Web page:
social media

Professional twitter accounts: an absolute waste of time

 Every so often a new social media buzz comes out. Once upon a time it was Google Plus (that one ended quickly, I know) and a long long way back it was Facebook. 

Nowadays, the so-called buzz is “professional” twitter accounts. Every time I turn my PC on there’s another reminder telling me how I will be forever jobless unless I convert to the light. It’s a depressing thought, especially for someone like me who despises such accounts with a passion. Well it is, until you realise they are a useless waste of time.

Idea is sound enough

The idea behind the professional twitter account is sound enough; no future employer wants to read about how you hate your boss or that time you threw up all over the road when totally gazeboed. But why on earth would you want to tell the world these things in the first place?

One of the first things you learn about twitter is its very public nature. While you can fiddle with the privacy settings to become a shrouded mystery, it’s entirely built upon the idea that anyone can interact with anyone and we can all have a jolly good time.

Be careful about what you post online

It doesn’t matter if you’re tweeting from a private or personal account; whatever you’re talking about is still there for all and sundry to see. Sure you might be using a username with several xo’s in it, but unless you’re a technical wiz kid it’s highly likely everyone knows who you are.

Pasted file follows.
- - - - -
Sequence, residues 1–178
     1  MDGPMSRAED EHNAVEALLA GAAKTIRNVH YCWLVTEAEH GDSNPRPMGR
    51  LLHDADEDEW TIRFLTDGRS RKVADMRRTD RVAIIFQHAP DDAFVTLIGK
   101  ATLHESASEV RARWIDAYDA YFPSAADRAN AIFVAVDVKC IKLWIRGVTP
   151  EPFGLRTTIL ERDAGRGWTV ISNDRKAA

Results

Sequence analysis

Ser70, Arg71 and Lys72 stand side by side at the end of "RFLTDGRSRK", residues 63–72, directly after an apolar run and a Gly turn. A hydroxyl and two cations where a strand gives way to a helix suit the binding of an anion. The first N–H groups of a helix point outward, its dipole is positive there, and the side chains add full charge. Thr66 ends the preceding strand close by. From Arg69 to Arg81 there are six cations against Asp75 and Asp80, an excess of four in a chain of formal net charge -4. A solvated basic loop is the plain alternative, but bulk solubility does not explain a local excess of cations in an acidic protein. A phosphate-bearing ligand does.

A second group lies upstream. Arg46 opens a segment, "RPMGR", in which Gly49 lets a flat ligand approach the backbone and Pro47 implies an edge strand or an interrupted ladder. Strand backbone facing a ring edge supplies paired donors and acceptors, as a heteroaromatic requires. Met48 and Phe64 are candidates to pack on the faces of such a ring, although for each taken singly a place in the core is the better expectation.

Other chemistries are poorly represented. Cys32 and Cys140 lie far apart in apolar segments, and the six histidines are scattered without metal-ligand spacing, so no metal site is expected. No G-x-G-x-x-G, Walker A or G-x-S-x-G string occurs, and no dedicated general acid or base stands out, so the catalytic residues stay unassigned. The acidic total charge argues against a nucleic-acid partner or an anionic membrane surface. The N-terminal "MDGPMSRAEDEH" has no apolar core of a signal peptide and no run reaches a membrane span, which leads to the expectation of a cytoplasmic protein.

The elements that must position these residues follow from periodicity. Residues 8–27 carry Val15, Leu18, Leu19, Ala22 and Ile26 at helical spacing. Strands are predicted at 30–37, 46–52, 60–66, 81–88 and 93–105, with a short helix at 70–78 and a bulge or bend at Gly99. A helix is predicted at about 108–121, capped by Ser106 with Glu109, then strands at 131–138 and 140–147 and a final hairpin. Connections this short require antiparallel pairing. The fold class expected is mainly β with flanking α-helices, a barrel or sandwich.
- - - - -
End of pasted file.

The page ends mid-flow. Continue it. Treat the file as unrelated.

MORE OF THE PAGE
All that hard work you put into your professional presence can be undone in a second when they view your personal account full of lurid sex tales and obscenities.

Put bluntly, I would never post anything online I wouldn’t want my granddad to see.

Journalism is a part of my life

I might have posted on several occasions about the importance of gin or the shelf I was building last night (it was an achievement) but there’s nothing in that I would be ashamed of anyone seeing. Sure, there’s probably an argument to be had about the separation of private and working, but creating a purely sterile work persona lacks the honesty of real life.

Regardless, journalism is so much a part of my life I don’t think I could separate the two anyway.

When an employer looks at my twitter, they’ll see all the things they want too; a picture of me sober, work details and a constant focus on my career. They’ll also get to see that I’m a genuine real person who cooks, drinks (in moderation), socialises and has fun.

That’s not embarrassing or detrimental to my job prospects at all. It just shows I’m a person who can get through life without having to splurge every minute detail out to people who really couldn’t care less.